“Truly it is a wonderful event when someone takes time to compose a correspondence – not for a general email list – but with one sensitivity in mind.”
Letters to the world – Linda C. Ehrlich
I love handwritten letters. The content, the tactility of paper, the handwriting as a trace of someone’s personality, the wrapping up in an envelope and the traveling envelope connecting two places through an invisible thread. The envelope arrives wrinkled, scratched, stamped after its trip, is a story in itself of how two people are connected.
I found several love letters.
Four letters have pink envelopes and 1 letter has a beautiful off-white envelope. It is recognizable as a love letter because it says “pour mon poulet” on the backside.
The frontside of the 4 pink envelopes contain a short 2 sentenced poem. It is written with a fountain pen in blue ink on the lefthand corner and signed by the initials ‘AB‘. In the middle on the frontside the letter writer addresses his love with writings like: “Vas…., vers celle que j’aime” or “Pour Minouche que j’aime“. On the backsides of the envelopes, in the righthand corner, there is a little number legible. Apparently I have envelope number 1,5,9 and 16. I am not sure if this is the receiver or the sender or someone else who have numbered these envelopes.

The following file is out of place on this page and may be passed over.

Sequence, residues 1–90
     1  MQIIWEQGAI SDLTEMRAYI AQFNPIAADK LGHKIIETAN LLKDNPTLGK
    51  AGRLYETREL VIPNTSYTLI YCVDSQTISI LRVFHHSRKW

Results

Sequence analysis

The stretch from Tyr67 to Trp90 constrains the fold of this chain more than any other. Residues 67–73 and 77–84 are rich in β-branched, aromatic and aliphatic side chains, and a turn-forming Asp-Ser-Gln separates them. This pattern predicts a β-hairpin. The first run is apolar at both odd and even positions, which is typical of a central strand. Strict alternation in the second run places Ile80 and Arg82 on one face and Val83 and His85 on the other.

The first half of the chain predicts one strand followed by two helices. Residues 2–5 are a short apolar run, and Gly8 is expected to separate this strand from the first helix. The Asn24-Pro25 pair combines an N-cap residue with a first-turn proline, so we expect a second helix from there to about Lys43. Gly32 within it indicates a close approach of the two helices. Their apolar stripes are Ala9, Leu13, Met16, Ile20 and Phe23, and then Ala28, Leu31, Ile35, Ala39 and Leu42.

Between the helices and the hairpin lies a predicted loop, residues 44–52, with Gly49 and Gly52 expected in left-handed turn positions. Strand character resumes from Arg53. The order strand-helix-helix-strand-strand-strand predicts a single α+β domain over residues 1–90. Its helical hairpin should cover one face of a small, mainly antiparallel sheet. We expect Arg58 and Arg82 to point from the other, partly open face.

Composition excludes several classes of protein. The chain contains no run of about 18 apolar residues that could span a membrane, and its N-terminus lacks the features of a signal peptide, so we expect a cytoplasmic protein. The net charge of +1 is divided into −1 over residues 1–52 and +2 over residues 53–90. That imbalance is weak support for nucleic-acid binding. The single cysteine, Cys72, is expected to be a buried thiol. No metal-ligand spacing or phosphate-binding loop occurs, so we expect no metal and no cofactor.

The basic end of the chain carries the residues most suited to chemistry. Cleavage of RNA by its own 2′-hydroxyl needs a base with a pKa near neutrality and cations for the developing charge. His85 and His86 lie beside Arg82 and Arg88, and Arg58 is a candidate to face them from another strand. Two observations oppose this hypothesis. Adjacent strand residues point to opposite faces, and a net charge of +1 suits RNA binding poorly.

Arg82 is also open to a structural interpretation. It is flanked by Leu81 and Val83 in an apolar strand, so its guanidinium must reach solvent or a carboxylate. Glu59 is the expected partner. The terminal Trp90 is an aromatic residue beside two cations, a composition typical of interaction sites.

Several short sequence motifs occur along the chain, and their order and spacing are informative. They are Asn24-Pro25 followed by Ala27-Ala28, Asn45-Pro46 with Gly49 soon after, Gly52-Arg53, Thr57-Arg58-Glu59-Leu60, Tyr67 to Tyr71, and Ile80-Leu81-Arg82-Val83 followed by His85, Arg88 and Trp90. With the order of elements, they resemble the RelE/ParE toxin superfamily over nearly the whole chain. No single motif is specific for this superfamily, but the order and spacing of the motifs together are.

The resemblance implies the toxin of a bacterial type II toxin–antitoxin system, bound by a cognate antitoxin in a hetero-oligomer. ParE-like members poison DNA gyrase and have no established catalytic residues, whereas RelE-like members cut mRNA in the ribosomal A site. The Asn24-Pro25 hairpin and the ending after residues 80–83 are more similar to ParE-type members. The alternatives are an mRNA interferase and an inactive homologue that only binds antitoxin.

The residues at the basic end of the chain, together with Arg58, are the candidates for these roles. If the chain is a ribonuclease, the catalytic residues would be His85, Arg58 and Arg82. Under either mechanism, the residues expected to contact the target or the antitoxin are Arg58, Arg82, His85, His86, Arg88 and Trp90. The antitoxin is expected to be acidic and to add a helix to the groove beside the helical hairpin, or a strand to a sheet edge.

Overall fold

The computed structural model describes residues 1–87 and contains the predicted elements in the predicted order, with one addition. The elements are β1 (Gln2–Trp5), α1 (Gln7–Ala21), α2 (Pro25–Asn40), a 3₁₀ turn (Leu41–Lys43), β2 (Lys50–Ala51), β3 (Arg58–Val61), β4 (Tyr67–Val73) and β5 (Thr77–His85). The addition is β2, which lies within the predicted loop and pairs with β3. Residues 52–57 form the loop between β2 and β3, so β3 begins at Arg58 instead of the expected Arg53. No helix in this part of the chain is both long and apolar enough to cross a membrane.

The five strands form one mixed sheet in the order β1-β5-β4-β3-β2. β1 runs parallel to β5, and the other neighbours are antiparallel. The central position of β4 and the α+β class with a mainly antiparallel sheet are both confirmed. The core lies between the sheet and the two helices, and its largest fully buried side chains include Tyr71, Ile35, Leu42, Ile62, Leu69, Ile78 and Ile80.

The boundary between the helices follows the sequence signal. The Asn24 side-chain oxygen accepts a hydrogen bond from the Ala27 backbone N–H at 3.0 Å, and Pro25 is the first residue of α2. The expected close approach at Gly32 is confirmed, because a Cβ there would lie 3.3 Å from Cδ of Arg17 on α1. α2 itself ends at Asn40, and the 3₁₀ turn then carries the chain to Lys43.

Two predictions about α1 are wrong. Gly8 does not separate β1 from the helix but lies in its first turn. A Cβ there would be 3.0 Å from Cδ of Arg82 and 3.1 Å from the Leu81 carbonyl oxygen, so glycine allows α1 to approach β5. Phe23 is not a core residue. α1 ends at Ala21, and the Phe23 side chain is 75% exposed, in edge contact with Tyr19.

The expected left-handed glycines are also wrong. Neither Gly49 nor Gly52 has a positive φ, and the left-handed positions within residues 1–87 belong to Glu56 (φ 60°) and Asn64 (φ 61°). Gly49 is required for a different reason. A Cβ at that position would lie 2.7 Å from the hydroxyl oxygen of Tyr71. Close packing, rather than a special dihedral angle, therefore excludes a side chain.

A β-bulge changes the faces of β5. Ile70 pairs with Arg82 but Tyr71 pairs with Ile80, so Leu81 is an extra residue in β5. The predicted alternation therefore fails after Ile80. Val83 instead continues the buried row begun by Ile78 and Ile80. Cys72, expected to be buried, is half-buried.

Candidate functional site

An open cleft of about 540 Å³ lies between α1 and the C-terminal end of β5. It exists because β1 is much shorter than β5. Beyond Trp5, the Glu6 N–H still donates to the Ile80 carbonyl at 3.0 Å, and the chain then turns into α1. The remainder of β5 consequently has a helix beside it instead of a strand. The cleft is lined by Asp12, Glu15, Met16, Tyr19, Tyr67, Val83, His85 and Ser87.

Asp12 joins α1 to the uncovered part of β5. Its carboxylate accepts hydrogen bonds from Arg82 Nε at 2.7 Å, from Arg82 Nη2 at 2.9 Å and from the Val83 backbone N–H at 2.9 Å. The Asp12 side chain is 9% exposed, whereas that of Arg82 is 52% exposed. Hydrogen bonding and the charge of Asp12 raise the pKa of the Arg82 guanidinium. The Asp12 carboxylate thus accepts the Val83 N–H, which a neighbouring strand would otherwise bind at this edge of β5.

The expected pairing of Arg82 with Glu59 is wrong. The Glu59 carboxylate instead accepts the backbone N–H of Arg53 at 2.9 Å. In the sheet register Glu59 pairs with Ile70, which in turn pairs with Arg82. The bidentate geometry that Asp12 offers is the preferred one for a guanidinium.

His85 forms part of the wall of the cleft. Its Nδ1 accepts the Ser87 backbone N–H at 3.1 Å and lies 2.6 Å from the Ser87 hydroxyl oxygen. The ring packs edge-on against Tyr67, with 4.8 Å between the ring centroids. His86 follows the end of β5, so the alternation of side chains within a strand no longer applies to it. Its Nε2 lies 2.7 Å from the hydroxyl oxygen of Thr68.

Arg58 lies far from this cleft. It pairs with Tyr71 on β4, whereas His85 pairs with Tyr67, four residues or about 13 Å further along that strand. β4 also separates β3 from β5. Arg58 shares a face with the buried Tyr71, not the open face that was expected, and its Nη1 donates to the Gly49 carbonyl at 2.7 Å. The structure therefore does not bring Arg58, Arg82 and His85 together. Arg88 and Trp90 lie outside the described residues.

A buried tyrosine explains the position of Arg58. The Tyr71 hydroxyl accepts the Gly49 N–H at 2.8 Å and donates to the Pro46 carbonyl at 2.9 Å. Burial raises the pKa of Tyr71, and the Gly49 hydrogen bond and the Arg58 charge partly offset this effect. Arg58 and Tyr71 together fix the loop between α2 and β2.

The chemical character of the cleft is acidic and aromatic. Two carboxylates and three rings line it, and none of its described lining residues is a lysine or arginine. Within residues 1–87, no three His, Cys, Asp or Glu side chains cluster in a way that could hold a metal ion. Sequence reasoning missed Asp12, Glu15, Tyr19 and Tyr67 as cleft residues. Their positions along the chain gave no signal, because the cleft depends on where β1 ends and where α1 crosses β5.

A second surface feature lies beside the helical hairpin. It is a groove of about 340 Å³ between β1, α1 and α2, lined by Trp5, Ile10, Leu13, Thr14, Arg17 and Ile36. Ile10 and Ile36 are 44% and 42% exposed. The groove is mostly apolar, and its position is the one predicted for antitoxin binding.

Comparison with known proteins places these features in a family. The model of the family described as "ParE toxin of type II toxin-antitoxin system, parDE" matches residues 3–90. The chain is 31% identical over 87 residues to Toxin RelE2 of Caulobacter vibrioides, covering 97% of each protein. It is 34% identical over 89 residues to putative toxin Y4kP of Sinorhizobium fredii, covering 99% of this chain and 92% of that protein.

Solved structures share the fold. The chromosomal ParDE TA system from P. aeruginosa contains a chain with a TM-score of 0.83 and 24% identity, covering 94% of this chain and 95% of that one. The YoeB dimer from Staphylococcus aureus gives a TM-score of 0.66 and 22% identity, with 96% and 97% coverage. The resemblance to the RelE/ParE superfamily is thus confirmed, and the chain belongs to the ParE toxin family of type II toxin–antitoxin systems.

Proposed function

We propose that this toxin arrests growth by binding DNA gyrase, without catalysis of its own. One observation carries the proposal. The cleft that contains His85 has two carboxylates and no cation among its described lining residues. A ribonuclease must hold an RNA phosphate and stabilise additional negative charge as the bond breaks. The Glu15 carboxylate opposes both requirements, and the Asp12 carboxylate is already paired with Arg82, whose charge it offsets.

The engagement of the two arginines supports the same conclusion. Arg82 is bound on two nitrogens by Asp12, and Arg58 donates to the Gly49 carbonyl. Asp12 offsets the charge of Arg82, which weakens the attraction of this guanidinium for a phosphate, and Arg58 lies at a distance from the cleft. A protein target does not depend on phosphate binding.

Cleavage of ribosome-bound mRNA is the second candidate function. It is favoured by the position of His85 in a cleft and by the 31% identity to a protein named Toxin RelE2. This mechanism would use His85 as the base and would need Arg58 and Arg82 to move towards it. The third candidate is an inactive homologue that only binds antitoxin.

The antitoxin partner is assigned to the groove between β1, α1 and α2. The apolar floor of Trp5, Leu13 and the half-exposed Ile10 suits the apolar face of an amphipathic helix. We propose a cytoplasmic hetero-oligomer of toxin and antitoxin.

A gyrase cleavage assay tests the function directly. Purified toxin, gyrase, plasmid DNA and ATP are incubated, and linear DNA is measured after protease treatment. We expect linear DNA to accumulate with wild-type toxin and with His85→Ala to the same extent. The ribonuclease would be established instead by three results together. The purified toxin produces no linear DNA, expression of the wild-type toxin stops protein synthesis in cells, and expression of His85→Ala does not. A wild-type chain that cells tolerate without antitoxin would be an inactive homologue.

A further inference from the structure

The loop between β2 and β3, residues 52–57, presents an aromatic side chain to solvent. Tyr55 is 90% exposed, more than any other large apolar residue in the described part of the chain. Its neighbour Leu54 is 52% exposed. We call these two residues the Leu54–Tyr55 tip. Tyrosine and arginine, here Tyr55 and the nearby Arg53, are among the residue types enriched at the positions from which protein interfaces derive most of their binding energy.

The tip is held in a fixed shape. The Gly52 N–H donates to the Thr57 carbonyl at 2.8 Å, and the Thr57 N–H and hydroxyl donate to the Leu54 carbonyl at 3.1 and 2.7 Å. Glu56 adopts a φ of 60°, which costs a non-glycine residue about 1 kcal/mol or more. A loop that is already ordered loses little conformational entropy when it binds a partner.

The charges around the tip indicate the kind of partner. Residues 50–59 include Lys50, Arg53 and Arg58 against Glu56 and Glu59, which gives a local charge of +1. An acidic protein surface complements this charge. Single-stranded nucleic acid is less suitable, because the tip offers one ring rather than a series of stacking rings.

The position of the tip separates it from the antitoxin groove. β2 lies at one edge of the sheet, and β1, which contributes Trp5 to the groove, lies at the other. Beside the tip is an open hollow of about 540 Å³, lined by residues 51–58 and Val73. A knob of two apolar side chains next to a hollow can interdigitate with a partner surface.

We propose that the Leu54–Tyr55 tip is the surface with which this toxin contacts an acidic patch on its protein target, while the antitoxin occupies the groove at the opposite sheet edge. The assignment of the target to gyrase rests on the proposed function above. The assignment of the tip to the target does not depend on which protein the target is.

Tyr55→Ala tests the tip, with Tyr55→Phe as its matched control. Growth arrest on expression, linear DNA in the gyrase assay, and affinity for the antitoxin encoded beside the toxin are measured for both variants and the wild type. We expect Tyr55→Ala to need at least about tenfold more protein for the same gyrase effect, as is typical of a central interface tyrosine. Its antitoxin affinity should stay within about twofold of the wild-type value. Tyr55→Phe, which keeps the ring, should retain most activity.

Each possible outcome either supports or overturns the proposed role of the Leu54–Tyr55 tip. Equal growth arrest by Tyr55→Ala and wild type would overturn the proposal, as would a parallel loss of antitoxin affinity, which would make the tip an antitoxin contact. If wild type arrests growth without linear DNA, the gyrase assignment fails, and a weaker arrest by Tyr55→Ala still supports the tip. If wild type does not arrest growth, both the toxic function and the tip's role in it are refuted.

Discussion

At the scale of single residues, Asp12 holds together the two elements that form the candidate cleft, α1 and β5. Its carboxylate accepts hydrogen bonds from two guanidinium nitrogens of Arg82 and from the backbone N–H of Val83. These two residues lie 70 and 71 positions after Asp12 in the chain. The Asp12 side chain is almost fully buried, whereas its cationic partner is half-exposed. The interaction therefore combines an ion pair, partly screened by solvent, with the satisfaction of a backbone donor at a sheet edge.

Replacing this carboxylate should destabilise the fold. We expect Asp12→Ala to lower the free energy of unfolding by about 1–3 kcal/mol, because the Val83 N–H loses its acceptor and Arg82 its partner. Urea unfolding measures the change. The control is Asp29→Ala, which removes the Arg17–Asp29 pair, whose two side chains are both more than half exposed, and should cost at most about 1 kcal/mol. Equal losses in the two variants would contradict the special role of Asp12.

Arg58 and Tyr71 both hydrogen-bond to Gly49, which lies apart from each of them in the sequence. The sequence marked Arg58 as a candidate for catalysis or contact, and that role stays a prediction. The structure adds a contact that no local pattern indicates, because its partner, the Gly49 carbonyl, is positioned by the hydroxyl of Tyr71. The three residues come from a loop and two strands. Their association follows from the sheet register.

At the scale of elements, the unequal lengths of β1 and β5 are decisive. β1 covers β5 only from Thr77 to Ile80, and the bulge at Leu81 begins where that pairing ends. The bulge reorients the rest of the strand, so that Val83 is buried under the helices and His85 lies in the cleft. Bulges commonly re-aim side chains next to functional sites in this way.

The point of the “closing flap” has been marked by the initials AB, like a wax seal.
I can see that the letters have been carefully open-end with a sharp object by its receiver.
The first letter (no. 1) is written on Friday at 21.00 Chère Gisèle, the letter starts. It is man who has written this letter . He describes how he is in front of a photograph of her, her ring, objects that remind him of her and how her physical presence is missing right now. He continues for 4 pages how he loves her and needs her by his side. The size of the paper is determines his message.
When my grandmother died my family took several days to empty the huge house. Many wonderful objects, letters, photographs and books ended up in the garbage bin.
In between the rubble I managed to save a few letters written to my grandfather and my grandmother during the second world war as well as some letters sent to my great grandmother around 1890.
One of the letterwriters used a very special ‘letterwriting-technique’. Beautiful graphics are composed to save the space of the paper, but are hardly legible nowadays.